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1.  The Salivary Gland Transcriptome of the Eastern Tree Hole Mosquito, Ochlerotatus triseriatus 
Journal of Medical Entomology  2010;47(3):376-386.
Saliva of blood-sucking arthropods contains a complex mixture of peptides that affect their host’s hemostasis, inflammation, and immunity. These activities can also modify the site of pathogen delivery and increase disease transmission. Saliva also induces hosts to mount an antisaliva immune response that can lead to skin allergies or even anaphylaxis. Accordingly, knowledge of the salivary repertoire, or sialome, of a mosquito is useful to provide a knowledge platform to mine for novel pharmacological activities, to develop novel vaccine targets for vector-borne diseases, and to develop epidemiological markers of vector exposure and candidate desensitization vaccines. The mosquito Ochlerotatus triseriatus is a vector of La Crosse virus and produces allergy in humans. In this work, a total of 1,575 clones randomly selected from an adult female O. triseriatus salivary gland cDNA library was sequenced and used to assemble a database that yielded 731 clusters of related sequences, 560 of which were singletons. Primer extension experiments were performed in selected clones to further extend sequence coverage, allowing for the identification of 159 protein sequences, 66 of which code for putative secreted proteins. Supplemental spreadsheets containing these data are available at and
PMCID: PMC3394432  PMID: 20496585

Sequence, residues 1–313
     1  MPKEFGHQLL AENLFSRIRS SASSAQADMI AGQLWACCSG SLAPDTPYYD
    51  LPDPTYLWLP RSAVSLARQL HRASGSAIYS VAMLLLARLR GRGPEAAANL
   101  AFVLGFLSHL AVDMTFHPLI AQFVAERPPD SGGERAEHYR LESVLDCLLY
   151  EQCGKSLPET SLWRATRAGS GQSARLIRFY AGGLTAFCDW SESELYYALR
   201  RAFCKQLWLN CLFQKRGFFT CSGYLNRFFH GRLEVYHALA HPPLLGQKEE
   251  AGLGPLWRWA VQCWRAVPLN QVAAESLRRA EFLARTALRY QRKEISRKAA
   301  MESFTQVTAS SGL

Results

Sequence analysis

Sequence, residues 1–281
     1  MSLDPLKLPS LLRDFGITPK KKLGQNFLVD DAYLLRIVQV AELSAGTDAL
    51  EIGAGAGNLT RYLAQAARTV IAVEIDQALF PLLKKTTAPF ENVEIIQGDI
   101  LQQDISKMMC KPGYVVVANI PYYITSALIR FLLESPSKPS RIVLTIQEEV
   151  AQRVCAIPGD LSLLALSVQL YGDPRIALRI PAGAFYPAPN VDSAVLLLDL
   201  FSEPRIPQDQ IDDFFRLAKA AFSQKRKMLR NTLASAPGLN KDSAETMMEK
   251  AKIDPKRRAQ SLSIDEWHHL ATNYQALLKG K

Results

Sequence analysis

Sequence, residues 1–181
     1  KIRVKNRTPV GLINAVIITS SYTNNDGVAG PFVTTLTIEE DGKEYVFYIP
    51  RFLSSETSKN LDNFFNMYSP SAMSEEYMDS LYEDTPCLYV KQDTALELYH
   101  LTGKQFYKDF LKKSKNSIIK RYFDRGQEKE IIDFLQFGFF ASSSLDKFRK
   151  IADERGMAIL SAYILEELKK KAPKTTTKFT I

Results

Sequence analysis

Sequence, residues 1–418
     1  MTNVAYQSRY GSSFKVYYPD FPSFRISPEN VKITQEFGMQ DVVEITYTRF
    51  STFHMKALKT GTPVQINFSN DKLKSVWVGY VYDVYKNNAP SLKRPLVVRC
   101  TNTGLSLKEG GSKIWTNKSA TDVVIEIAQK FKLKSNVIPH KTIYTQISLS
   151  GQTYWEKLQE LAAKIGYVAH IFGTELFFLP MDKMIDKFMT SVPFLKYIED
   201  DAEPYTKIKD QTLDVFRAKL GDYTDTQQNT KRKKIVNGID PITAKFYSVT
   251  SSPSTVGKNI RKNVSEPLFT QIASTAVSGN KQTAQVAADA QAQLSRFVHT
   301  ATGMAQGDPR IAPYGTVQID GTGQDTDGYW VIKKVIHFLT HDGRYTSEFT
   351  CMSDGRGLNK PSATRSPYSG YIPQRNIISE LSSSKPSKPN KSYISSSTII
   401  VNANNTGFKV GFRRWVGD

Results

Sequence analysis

mosquito; salivary gland; sialome; transcriptome; La Crosse virus
2.  Anopheles gambiae Antiviral Immune Response to Systemic O'nyong-nyong Infection 
Mosquito-borne viral diseases cause significant burden in much of the developing world. Although host-virus interactions have been studied extensively in the vertebrate host, little is known about mosquito responses to viral infection. In contrast to mosquitoes of the Aedes and Culex genera, Anopheles gambiae, the principal vector of human malaria, naturally transmits very few arboviruses, the most important of which is O'nyong-nyong virus (ONNV). Here we have investigated the A. gambiae immune response to systemic ONNV infection using forward and reverse genetic approaches.
Methodology/Principal Findings
We have used DNA microarrays to profile the transcriptional response of A. gambiae inoculated with ONNV and investigate the antiviral function of candidate genes through RNAi gene silencing assays. Our results demonstrate that A. gambiae responses to systemic viral infection involve genes covering all aspects of innate immunity including pathogen recognition, modulation of immune signalling, complement-mediated lysis/opsonisation and other immune effector mechanisms. Patterns of transcriptional regulation and co-infections of A. gambiae with ONNV and the rodent malaria parasite Plasmodium berghei suggest that hemolymph immune responses to viral infection are diverted away from melanisation. We show that four viral responsive genes encoding two putative recognition receptors, a galectin and an MD2-like receptor, and two effector lysozymes, function in limiting viral load.
This study is the first step in elucidating the antiviral mechanisms of A. gambiae mosquitoes, and has revealed interesting differences between A. gambiae and other invertebrates. Our data suggest that mechanisms employed by A. gambiae are distinct from described invertebrate antiviral immunity to date, and involve the complement-like branch of the humoral immune response, supressing the melanisation response that is prominent in anti-parasitic immunity. The antiviral immune response in A. gambiae is thus composed of some key conserved mechanisms to target viral infection such as RNAi but includes other diverse and possibly species-specific mechanisms.